Here is a look at the Intel Pentium G850 processor sitting at an idle state on the desktop of our Windows 7 64-bit test system. Notice that the processor is only running at 1.6 GHz thanks to Intel’s SpeedStep and low power state technologies. This is key as it will have lower idle power consumption and generate less heat. The base clock of the processor is 100MHz and our Gigabyte Z68 motherboard is running the base clock at 100.3MHz, which isn’t too far off from default. Notice that the Pentium G850 has 3MB of shared L3 cache and that each core has 64KB of dedicated L1 cache and 512KB of dedicated L2 cache. The Intel Pentium G620, G840 and G850 all share the same idle clock speeds and share identical cache sizes.
During regular use the Intel Pentium G850 can jump up to the rated
clock frequency of 2.90GHz (as shown above) and it will not go any higher than this as Intel did not enable turbo mode on the Pentium series of processors.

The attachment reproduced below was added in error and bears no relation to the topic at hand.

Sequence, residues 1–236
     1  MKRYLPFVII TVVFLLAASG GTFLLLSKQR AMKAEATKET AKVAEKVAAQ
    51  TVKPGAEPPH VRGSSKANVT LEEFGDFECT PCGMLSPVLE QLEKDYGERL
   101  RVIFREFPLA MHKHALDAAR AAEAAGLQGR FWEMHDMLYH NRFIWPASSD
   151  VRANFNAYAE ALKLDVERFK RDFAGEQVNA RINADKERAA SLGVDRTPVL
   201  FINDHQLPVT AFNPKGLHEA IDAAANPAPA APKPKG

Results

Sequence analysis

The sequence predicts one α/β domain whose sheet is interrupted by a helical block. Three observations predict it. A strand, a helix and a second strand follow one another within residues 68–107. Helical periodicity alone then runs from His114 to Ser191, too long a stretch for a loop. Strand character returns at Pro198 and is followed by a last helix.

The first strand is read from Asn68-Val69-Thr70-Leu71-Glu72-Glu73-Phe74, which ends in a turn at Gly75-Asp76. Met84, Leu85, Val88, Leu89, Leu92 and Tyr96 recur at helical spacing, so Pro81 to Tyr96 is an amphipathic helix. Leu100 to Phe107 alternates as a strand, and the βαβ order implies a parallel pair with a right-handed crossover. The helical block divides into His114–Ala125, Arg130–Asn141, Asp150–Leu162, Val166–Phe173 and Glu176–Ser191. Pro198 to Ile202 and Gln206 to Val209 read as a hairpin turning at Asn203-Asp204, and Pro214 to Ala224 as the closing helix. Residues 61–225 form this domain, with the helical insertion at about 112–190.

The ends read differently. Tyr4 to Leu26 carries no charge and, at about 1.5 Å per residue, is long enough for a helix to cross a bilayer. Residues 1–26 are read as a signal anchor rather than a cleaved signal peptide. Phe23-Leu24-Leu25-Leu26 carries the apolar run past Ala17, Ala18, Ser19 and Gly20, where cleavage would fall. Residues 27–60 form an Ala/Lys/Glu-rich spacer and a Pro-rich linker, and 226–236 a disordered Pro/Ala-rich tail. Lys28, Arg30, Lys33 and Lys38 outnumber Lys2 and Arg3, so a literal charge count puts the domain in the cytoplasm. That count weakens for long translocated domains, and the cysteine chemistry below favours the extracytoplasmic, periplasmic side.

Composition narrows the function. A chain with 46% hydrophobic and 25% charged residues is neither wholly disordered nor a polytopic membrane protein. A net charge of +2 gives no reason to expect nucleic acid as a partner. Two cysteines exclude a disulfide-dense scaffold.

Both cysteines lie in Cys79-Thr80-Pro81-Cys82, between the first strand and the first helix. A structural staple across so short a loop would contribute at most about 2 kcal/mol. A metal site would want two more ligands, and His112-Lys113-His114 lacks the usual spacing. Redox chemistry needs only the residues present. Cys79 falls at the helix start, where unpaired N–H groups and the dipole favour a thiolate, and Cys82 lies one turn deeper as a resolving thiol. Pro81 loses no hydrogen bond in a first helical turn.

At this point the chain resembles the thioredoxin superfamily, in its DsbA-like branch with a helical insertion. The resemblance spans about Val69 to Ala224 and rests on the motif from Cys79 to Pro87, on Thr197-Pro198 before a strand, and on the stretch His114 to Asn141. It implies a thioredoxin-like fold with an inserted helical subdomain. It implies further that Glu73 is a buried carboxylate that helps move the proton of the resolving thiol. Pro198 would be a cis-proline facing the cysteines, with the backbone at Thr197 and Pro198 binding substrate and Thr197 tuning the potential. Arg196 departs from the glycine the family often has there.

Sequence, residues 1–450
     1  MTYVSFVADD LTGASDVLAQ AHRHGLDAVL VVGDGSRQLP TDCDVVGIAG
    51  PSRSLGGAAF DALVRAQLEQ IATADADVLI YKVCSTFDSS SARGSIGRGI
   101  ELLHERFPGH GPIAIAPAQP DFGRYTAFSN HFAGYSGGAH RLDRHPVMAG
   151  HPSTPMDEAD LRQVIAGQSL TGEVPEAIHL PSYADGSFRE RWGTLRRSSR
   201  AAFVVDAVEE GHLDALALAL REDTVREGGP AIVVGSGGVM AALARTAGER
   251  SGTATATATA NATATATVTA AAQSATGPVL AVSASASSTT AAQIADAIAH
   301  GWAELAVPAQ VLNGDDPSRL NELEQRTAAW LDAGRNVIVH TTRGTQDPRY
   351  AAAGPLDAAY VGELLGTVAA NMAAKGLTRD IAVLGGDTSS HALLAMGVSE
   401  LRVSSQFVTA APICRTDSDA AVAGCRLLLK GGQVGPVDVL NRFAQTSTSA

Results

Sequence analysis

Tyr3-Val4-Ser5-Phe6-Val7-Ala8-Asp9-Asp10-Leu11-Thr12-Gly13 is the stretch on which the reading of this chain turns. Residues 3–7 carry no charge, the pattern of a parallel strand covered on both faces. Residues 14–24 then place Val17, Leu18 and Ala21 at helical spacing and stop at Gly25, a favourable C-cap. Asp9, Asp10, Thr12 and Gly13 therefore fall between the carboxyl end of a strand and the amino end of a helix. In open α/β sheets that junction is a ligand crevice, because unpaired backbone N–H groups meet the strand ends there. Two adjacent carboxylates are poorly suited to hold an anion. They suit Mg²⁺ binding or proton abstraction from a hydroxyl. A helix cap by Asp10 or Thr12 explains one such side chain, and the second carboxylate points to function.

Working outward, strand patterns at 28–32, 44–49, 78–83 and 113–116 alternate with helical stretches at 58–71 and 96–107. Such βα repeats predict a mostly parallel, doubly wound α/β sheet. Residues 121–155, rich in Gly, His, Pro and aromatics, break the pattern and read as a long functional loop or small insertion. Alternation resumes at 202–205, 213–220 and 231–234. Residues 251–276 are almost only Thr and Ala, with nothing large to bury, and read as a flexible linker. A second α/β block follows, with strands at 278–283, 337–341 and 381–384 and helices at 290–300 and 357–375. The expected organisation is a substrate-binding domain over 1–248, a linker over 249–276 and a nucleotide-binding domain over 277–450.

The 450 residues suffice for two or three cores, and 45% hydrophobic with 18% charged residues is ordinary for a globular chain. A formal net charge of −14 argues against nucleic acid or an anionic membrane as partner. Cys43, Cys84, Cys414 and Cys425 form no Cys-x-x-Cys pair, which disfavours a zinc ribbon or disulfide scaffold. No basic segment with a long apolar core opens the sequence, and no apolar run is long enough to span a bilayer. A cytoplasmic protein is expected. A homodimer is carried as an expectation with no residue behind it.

You can also use a utility like Gigabyte Easytune to check out the details on your processor as well. One thing that we noticed was different between the two utilities was the idle voltage. The EasyTune 6 software showed the CPU as using 0.780V, while CPU-Z showed 1.044V. More than likely neither are right!
The GPU identification utility GPU-Z does not properly read the Intel Pentium G850, but we know it is running Intel HD Graphics 2000. The GPU has a clock speed of 850MHz that can dynamically rise to 1100MHz when GPU power is needed. We are running Intel VGA driver version 126.96.36.1992 on our test system, which just came out on August 3rd, 2011.
We get people asking about the Windows Experience Index Score all the time, so we thought we’d include it. According to Windows 7 the lowest performing component on the system was the graphics, which would be the Intel HD Graphics 2000, as it had a subscore of 5.2 and that is the base score for the entire system.